Prevention and Treatment for Keloids

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A keloid is an abnormal scar that may also be itchy, painful, and spreads beyond the original borders of the skin injury. There are many ways to treat keloids, but if you know you are likely to form keloids, the most effective strategy is to prevent keloid formation in the first place.

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Keloid scar on hand
Keloid scar on hand.  

How to Prevent Keloid Formation

You can prevent keloid formation by avoiding skin injuries like:

If you form keloids in response to acne, it is important to treat the acne quickly and use medications to help prevent its return. If you have acne, avoid shaving your neck and face, as doing so may irritate your acne and stimulate more keloid formation. Instead, use scissors to trim your facial hair. Keep the hairs at least one-eighth of an inch long.

Additionally, proper treatment of wounds may help minimize scar formation and, in turn, reduce keloid formation. Try to keep your wounds moist with petroleum jelly and covered with a non-stick bandage. Keep your scar hidden from the sun for at least the first three months after an injury to avoid excessive darkening of the scar.

Keloid Treatments

There are numerous treatments available for keloids:

A dermatologist, a facial plastic surgeon, or a plastic surgeon can recommend one or a combination of these treatments. It is important to note that keloids may return after treatment. Get your keloids treated as early as possible, since this increases the chance they will respond to treatment.

Intralesional Corticosteroids

Intralesional (injected) corticosteroids are usually the first type of therapy recommended for the treatment of keloids. A needle is used to inject a steroid, typically triamcinolone, directly into the keloid. Liquid nitrogen may be applied prior to injection. Injections are repeated every month until the keloid becomes flatter and softer. One study showed an 82.7% reduction in the size of the scar three months after the last injection. The treatment may be combined with other therapies for better results. 

Surgical Excision

In a surgical excision, a scalpel (a sharp surgical blade) is used to remove the keloid. Triamcinolone or another medication called interferon is often injected before, during, or after the excision. Injecting triamcinolone around the time of surgery helps prevent the keloid from returning.

Silicone Gel Sheeting

Silicone gel sheets are sticky clear sheets placed over scars. They allow oxygen to pass through and help maintain a moist environment to improve healing. They may help reduce pain or itching from keloids and prevent the growth of new or existing keloids. For optimal effectiveness, silicone gel sheets should be used for at least three months and at least four hours a day. They are available either by prescription or over-the-counter and should be cut to the size of keloid and taped into place. The sheet should be washed daily and replaced according to the manufacturer’s instructions.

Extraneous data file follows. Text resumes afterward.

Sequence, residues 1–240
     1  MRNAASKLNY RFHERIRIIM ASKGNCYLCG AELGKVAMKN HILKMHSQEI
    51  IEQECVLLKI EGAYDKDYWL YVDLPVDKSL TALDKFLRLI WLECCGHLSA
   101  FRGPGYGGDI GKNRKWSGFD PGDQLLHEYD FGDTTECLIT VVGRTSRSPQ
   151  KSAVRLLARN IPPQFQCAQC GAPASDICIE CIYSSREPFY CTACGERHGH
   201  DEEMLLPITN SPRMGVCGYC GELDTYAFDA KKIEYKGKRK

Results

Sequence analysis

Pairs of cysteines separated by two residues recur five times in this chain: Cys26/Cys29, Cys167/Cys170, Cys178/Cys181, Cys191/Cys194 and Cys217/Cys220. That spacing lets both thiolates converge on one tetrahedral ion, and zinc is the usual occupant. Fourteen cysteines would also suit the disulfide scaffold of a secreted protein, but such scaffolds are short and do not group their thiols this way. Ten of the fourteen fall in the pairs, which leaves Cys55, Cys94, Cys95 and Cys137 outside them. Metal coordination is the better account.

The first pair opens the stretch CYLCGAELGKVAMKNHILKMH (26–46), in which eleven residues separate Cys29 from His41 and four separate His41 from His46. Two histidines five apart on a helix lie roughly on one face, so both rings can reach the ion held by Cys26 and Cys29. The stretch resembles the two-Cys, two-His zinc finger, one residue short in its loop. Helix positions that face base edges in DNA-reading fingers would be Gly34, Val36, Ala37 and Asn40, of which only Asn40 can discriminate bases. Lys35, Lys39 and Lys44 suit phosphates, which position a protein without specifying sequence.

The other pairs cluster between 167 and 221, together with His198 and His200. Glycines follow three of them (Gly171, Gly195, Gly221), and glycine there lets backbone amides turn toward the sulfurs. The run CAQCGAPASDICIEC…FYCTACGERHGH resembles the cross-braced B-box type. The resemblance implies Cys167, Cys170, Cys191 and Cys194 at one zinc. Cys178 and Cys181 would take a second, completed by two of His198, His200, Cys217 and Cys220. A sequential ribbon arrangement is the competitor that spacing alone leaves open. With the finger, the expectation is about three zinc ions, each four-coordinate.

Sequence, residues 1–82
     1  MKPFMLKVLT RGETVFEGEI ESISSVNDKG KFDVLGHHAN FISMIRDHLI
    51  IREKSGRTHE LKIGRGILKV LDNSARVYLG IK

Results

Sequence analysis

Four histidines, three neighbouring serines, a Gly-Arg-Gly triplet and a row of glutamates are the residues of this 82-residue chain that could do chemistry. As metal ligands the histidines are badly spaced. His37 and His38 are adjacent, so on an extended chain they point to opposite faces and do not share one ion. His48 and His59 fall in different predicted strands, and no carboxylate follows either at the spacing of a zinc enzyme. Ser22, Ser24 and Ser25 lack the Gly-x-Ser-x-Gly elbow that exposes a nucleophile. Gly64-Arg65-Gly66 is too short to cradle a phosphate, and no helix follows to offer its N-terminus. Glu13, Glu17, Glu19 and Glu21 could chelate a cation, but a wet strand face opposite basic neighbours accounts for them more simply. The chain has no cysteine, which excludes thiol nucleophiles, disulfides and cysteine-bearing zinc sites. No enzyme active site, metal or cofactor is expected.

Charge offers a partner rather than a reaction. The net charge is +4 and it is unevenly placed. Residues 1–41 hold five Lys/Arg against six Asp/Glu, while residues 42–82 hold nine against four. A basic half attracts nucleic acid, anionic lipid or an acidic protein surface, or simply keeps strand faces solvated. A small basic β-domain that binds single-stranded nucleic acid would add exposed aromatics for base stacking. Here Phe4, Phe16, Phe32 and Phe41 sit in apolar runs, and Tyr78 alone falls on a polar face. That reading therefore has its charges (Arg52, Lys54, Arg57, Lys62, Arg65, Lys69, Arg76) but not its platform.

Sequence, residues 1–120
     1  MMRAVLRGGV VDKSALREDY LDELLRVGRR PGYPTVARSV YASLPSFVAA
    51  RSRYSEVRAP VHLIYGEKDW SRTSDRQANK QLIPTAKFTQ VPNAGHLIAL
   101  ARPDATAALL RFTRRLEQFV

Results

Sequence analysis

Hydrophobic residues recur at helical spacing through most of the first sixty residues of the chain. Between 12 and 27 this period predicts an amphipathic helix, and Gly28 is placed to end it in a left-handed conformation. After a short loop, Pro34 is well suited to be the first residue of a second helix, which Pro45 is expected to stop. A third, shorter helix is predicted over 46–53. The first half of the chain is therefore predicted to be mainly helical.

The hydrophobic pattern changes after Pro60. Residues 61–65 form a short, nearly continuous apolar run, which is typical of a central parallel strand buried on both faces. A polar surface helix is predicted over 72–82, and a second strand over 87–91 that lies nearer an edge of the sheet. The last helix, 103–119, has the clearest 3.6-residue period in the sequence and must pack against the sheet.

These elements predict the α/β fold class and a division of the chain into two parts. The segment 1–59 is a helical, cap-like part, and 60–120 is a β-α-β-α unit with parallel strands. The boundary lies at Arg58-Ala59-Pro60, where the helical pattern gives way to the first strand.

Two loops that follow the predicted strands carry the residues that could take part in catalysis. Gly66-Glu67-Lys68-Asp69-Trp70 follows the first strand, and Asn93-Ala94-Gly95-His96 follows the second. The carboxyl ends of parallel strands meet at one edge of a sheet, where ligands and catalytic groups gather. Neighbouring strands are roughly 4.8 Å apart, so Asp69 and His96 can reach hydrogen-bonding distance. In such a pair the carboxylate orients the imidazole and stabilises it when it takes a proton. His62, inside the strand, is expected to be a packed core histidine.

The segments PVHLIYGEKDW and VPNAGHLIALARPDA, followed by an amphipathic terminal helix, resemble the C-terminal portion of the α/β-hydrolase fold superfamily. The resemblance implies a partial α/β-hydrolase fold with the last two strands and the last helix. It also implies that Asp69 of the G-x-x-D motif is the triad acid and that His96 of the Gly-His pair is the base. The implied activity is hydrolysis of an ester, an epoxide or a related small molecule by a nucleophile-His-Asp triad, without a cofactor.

This refers to the use of liquid nitrogen sprayed onto your keloid for two 15-second sessions. This therapy can be repeated up to six times and is often combined with other treatments. It is important to note that in patients with darker skin, the skin treated with liquid nitrogen may become lighter or darker.

Pressure Earrings

These are inexpensive earrings customized to you which compress your earlobe. They are worn over your earlobe immediately after piercing to prevent a keloid from forming.

Radiation Therapy

An external X-ray beam is applied to a keloid. Radiation therapy can prevent a keloid from re-growing after it was surgically removed in a majority of patients. Although any exposure to radiation increases the risk of cancer, the amount used in treating keloids is generally considered very safe. 


Interferon-alpha are proteins released by cells to help activate the immune system. They may be injected after a keloid is surgically removed in order to prevent recurrence. Although it is an expensive therapy, research suggests it may have promising effects, particularly on scars resistant to other forms of treatment.

Intralesional Fluorouracil

This is a chemotherapeutic drug injected into keloids. It treats keloids by blocking DNA replication. This stops fibroblasts, the cells that overgrow in a keloid, from reproducing. Some patients report ulceration and pain as side effects. This treatment may also be combined with intralesional corticosteroid injections.

Pulsed Dye Laser

A pulsed dye laser is a laser that has been shown to improve keloids and is especially helpful for reddish keloids and scars. Other lasers such as fractional lasers have also been used to treat keloids. Laser treatment can be performed in combination with intralesional injection of either corticosteroids or fluorouracil.

12 Sources
Verywell Health uses only high-quality sources, including peer-reviewed studies, to support the facts within our articles. Read our editorial process to learn more about how we fact-check and keep our content accurate, reliable, and trustworthy.
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Additional Reading

By Susan J. Huang, MD
Susan Huang, MD, FAAD, is a board-certified dermatologist practicing at Sutter Health. She is also an instructor at Harvard Medical School.